RICHMOND, Va. (WRIC) — A child has died from flu complications in southwest Virginia, according to the Virginia Department of Health. This is the first pediatric death from the flu this flu season.
Richmond and Henrico Health District director Dr. Elaine Perry said that even though the flu vaccine can be hit or miss on effectiveness every year, it’s still going to reduce the risk of hospitalization or death from the flu.
“It is very helpful, very effective at reducing the risk of serious illness. Again, that illness that keeps you out of school for days at a time, keeps you out of work, puts you in the hospital, or again even causes death,” Dr. Perry said in a Richmond Public Schools town hall Wednesday.
In that town hall, Dr. Tiffany Kimbrough reports flu and respiratory syncytial virus (RSV) are in high transmission, but COVID-19 cases have been on the decline as we head into winter.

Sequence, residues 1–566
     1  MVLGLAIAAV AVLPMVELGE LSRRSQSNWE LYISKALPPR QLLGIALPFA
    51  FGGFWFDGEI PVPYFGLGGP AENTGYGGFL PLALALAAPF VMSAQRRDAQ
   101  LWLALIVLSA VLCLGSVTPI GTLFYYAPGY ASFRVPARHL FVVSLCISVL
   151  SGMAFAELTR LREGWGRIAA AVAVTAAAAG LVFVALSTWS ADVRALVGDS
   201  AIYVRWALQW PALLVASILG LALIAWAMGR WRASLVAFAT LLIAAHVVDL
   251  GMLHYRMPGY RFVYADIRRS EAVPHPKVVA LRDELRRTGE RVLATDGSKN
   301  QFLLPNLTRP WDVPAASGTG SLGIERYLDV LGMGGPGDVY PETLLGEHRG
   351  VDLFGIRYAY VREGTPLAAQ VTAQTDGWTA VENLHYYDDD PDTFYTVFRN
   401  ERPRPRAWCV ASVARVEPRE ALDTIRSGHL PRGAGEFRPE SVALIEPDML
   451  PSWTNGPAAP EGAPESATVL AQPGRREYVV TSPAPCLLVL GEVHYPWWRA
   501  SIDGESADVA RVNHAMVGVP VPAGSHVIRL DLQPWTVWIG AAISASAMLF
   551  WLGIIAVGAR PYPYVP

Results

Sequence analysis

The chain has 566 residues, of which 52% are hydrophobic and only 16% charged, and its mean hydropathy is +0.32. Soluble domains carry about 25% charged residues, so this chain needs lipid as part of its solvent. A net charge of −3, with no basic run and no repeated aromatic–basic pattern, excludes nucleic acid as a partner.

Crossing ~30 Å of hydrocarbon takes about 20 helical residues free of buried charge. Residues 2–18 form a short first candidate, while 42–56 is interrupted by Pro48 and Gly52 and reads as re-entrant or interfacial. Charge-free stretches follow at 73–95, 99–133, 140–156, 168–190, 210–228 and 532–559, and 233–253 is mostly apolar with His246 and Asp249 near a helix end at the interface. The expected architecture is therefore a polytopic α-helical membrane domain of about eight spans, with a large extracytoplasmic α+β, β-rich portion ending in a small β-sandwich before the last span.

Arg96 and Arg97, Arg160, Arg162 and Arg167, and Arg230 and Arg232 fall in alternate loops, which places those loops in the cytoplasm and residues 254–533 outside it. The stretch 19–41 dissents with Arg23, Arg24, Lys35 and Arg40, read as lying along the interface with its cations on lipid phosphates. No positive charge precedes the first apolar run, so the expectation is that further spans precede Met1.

She said local hospitals right now have been operating at 95% for weeks, and they’re seeing an early surge in respiratory illnesses.
At this point, two children are in the Children’s Hospital of Richmond at VCU inpatient unit with COVID-19.
Dr. Perry recommends getting the flu and COVID vaccines, washing hands often, wearing a mask if needed and staying home when you’re sick.
There is no vaccine for RSV, but flu shots and ventilators, a machine assisting with symptoms of the virus, are available at the Richmond Health District office and some after-school clinics. An appointment is needed.
Dr. Kimbrough said parents can tell the difference between the flu, RSV and COVID-19 because the flu comes with a higher fever and muscle aches.